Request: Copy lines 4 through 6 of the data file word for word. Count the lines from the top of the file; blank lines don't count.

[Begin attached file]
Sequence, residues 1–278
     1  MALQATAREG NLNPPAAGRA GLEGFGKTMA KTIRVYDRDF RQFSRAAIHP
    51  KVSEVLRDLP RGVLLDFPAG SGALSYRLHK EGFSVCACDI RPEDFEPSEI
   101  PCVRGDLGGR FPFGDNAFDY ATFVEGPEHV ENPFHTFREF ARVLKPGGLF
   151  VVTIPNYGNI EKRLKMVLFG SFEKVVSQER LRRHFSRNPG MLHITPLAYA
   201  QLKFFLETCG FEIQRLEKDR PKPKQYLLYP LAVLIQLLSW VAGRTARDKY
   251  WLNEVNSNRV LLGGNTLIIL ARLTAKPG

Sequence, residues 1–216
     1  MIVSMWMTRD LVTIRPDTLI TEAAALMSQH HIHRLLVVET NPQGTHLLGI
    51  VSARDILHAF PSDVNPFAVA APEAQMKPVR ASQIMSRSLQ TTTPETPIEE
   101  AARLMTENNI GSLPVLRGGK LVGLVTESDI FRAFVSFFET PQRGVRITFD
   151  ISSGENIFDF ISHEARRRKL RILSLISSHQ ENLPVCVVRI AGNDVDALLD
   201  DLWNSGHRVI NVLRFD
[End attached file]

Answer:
   101  PCVRGDLGGR FPFGDNAFDY ATFVEGPEHV ENPFHTFREF ARVLKPGGLF
   151  VVTIPNYGNI EKRLKMVLFG SFEKVVSQER LRRHFSRNPG MLHITPLAYA
   201  QLKFFLETCG FEIQRLEKDR PKPKQYLLYP LAVLIQLLSW VAGRTARDKY